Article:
Vanguard today launched its 22nd annual Index Chart plotting the performance of major asset classes over the last 30 years, affirming that despite significant downturns, markets typically trend upwards over time.
Over the last 30 years, Australian shares on average have returned 9.2% per annum despite market events such as Russia’s invasion of Ukraine in 2022, the COVID-19 outbreak in 2019, and the Great Financial Crisis in 2007.
This financial year, Australian shares returned 14.8%, a marked improvement on the previous year when the same asset class returned -7.4%.
All other asset classes in FY23 also saw positive returns, a reversal since FY22 when all returns were in negative territory.
The best performing asset class this year was U.S. shares, returning 23.5% in the period between 1 July 2022 to 30 June 2023. Last year, U.S. shares returned -2.4%.
Australian bonds also made a notable recovery, recording 1.2% this year compared to -10.5% in FY22.
Conversely, cash was the best performing asset class last year with 0.1%. This year, cash was the second lowest returning asset class with 2.9%.
“Vanguard’s annual Index Chart puts into perspective the importance of approaching investing with a long-term mindset,” said Balaji Gopal, Head of Financial Adviser Services at Vanguard Australia.
“While investors shouldn’t rely on past performance, 30 years of market history has proved that the impact of geopolitical, economic and social events on performance is usually short-lived, and markets will typically recover and rise over time.
“Looking back over the last few decades, bear markets on average last only 0.9 years and are generally followed by a bull market, averaging 6.5 years. Investors who stay invested through downturns are therefore best poised to benefit when markets inevitably bounce back”.
“Although volatility smooths out in the long run, markets are unpredictable in the short run. The best performing asset class one year is not guaranteed to be the best the following year, and vice versa.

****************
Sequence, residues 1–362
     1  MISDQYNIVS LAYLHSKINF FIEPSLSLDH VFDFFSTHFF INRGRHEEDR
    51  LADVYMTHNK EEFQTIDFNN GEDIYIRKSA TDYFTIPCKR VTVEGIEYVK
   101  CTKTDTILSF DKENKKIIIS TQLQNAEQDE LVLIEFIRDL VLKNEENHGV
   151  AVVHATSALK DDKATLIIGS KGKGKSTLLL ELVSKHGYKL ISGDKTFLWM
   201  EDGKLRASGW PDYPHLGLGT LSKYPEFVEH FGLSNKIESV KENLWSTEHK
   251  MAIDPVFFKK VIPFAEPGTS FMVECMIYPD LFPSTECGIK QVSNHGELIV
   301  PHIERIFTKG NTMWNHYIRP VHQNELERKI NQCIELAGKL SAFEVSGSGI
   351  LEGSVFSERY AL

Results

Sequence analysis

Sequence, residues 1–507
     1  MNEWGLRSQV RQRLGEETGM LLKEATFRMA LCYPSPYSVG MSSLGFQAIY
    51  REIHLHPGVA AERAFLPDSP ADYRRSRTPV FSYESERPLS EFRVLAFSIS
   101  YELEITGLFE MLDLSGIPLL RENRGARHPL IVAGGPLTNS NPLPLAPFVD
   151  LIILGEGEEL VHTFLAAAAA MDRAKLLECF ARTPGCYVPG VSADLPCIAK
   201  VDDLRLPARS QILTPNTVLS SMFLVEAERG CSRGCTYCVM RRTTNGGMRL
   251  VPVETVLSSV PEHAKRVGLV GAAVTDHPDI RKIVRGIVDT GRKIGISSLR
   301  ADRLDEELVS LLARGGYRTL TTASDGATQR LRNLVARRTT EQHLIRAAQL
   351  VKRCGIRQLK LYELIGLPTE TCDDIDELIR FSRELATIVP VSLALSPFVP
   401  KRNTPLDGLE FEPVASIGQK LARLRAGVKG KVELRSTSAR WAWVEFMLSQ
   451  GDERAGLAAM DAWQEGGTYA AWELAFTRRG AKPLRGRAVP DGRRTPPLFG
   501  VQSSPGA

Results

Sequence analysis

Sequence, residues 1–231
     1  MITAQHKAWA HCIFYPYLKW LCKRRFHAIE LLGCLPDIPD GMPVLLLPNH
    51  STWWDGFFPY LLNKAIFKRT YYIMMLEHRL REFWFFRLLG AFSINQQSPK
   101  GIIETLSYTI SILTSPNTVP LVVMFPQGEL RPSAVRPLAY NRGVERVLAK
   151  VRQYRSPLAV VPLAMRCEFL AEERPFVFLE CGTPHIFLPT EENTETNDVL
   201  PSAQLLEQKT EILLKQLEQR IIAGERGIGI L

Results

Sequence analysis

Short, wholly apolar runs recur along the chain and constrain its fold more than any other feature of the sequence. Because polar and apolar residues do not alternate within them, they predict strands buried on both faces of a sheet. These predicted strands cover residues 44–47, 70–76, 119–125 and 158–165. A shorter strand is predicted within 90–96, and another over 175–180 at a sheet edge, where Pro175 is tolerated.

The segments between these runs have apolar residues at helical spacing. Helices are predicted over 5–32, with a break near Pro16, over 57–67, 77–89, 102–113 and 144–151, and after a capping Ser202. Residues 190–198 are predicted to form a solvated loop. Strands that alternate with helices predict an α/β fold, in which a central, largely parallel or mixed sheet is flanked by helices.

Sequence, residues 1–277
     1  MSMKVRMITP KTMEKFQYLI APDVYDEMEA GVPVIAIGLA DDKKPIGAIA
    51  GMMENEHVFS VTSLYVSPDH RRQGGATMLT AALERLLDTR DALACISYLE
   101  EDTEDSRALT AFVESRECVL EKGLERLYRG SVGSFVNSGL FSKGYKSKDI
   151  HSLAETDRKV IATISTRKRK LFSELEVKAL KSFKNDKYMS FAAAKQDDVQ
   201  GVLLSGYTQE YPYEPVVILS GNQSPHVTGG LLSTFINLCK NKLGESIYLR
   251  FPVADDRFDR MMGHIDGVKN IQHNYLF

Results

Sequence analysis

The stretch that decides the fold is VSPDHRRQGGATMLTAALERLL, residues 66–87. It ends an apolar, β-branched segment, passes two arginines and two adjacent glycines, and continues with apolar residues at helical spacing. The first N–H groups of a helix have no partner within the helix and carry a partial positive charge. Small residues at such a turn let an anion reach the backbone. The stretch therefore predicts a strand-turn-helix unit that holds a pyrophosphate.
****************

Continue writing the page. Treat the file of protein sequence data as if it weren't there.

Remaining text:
“Take bonds for example – last year, fixed income markets were caught in a perfect storm of surging inflation, rate hikes, and an unusual correlation with equities. This year however, return expectations for bonds have significantly improved, and yields and spreads have stabilised. Investors are again realising the diversification and income benefits bonds can provide as they begin to bounce back.
“This is why diversifying across asset classes – and making sure you have both growth (such as equities) and defensive components (such as bonds) in a portfolio – is the most effective way to mitigate market uncertainty”.
The power of indexing
Also illustrated in the chart is how an initial investment of $10,000 invested in broad Australian shares in 1993 would have grown to nearly $138,800 today, an average of 9.2% per cent return per annum. The same $10,000 in U.S. shares would have grown to $176,200, returning 10 per cent per annum.
|10,000 invested in 1993
||Accumulated investment value at 30 June 2023*
||% returns per annum
|Australian Listed Property
*with no acquisition costs or taxes, and all income reinvested
“Investing in the broad market via index funds or ETFs can produce powerful returns for investors over time if they give their investments the opportunity to grow,” said Mr Gopal.
“Additionally, by combining a mix of asset classes and adjusting that allocation as they age, investors can balance their risk and returns at every stage of their life to achieve their financial goals – from building their wealth all the way through to preserving their savings in retirement.
“It’s the same philosophy that underpins our Vanguard Super Lifecycle offer; let the market work for you by investing broadly, diversifying, and staying the course”.
Each year, Vanguard's index chart is downloaded and used by thousands of financial advisers and individual investors as an educational resource providing a clear picture of the long-term market growth across all major asset classes.
To view the Vanguard 2023 Index Chart online, please see here.